We are surrounded by a culture of quick-fixes that rarely work.
The U.S. is a pill-popping Band-Aid solution-driven nation that sustains long-term suffering for the sake of economic exploitation. But I don't have to be a broken record--you know that already.
On some level you have the awareness that the first commercial after Shark Tank is a new anti-depressant medication, beer commercials rule the weekend sporting events, and neither of those two things eliminate unhappiness.
Similarly, you've been told that if you have difficulty concentrating at work you should consider substantial doses of coffee or meth-like medication for your undiagnosed ADHD. I implore you to travel beyond these surface-level ideas and start investigating the underlying causes of your concentration challenges.
Instead of overdosing on caffeine or popping pills, make sure that you have these five things first:
1. Mental and emotional wellbeing, which is the foundation of concentration and attention.
Adding a nitrous oxide system to a beige 1992 Honda Accord makes no sense whatsoever--it's not sustainable and chances are it'll make things even worse than before.
Adding stimulants and other chemicals into the mix without first addressing what's already present in your mental and emotional life will not fix the problem. Like a spare tire, they offer a temporary solution and can buy a little more time before you visit a mechanic.
People often think that concentration problems are due to ADHD, but the truth is, concentration and attention can be disrupted by many things, including anxiety and depression. Start taking your mental health seriously and your focus will improve drastically.
2. Excellent sleep hygiene.
Sleep and focusing go hand in hand. Don't believe me? Prevent yourself from sleeping and then see how well you can concentrate.
Now that you're an adult, it's important to prioritize your sleep and develop good sleep hygiene. Stop staring at your phone before going to bed and start giving yourself more time to unwind at the end of the day.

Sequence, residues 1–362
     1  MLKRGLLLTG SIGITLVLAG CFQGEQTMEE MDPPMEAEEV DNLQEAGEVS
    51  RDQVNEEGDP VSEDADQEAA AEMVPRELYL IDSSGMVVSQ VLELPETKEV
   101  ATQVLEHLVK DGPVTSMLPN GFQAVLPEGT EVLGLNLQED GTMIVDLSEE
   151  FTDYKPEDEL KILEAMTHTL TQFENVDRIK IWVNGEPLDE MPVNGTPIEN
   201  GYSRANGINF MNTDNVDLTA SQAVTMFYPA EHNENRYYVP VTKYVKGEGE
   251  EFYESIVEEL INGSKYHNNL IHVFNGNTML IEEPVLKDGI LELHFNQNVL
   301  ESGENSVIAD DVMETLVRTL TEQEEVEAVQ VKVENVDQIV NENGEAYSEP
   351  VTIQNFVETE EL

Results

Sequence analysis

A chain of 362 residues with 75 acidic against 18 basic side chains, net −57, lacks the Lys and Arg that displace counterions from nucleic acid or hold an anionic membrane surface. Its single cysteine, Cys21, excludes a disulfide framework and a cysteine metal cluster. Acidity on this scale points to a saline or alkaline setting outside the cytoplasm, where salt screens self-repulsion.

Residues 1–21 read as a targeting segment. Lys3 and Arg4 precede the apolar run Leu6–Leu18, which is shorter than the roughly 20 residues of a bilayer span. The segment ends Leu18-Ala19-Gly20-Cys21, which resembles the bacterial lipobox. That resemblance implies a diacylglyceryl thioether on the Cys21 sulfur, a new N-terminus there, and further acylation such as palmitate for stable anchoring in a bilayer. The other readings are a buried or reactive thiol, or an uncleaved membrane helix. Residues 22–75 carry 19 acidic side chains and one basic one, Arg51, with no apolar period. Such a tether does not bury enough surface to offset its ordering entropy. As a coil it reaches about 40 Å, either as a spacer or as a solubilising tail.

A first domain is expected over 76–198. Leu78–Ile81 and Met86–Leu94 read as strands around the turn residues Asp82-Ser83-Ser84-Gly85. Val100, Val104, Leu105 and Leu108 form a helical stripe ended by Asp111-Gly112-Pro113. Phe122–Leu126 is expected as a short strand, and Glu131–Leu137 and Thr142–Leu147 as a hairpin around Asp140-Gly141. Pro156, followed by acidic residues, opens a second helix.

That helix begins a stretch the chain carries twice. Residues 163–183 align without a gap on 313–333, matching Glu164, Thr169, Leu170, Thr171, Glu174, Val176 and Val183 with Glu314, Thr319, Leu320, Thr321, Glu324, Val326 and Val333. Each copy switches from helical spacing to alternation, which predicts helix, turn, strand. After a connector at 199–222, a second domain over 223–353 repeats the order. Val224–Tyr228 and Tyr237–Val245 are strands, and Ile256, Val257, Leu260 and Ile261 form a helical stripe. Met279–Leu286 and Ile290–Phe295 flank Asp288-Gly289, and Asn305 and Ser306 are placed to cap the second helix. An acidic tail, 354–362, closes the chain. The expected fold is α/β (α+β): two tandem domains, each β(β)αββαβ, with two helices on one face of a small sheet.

Instead of going to bed and waking up at different times, try to stay on a consistent sleep wake schedule. When you train your body to sleep and wake at the same times each day, it synchronizes your circadian rhythms and creates higher levels of energy throughout the day.
3. An adequate social life that doesn't just entail binging on Netflix.
Whether you're an introvert or extravert, it's important to schedule time to socialize with other real people. Streaming services make it less likely to leave your house, and while that can be fun and a good way to refuel, getting out of your room is a good idea.
Instead of sitting at work scrolling social media to maintain the illusion that you actually have a social life, get out there on the weekends and be mentally engaged while at work.
4. Adequate nutrition and an optimal level of physical activity.
As someone who used to carry a gallon water jug around with me, most people know that I take hydration seriously--and you should too!
Start keeping track of how much water you drink each day and make sure you're staying hydrated. Dehydration zaps your ability to stay zoned in on what's important.
Similarly, make sure that you're exercising on a regular basis. Because many jobs in the US now involve sitting for long periods of time, you have to be even more proactive about taking small breaks to stand and move around.
Our bodies aren't meant to sit for so many hours each day, and this type of sedentary lifestyle not only leads to health problems down the road, it also depletes energy levels and decreases your ability to pay attention right now.
5. A regular meditation practice, which teaches the brain how to focus.
Without regurgitating all of the researched-backed benefits of regular meditation, I'll just say this: with as little as 10 minutes each day, I guarantee that you'll see significant results from consistent meditation.
Each time you return your mind from a thought to your object of focus, like the breath, you are doing a meditation repetition. It's unrealistic for most people to sit in a state of thoughtless awareness, but it's completely realistic for everyone to practice meditation repetitions.
Like lifting weights, practicing non-attachment to thoughts and feelings teaches you how to develop laser-sharp focus, which comes in handy to flex at work.
Sure, none of these things will improve your concentration as much as a legal amphetamine or large amounts of other stimulants, which is why the legal drug market is so lucrative and all offices have coffee machines.
However, with time and consistent practice these habits will lead to better long-term health outcomes and improved long-term performance.
Invest in your future and stop playing the short-term game.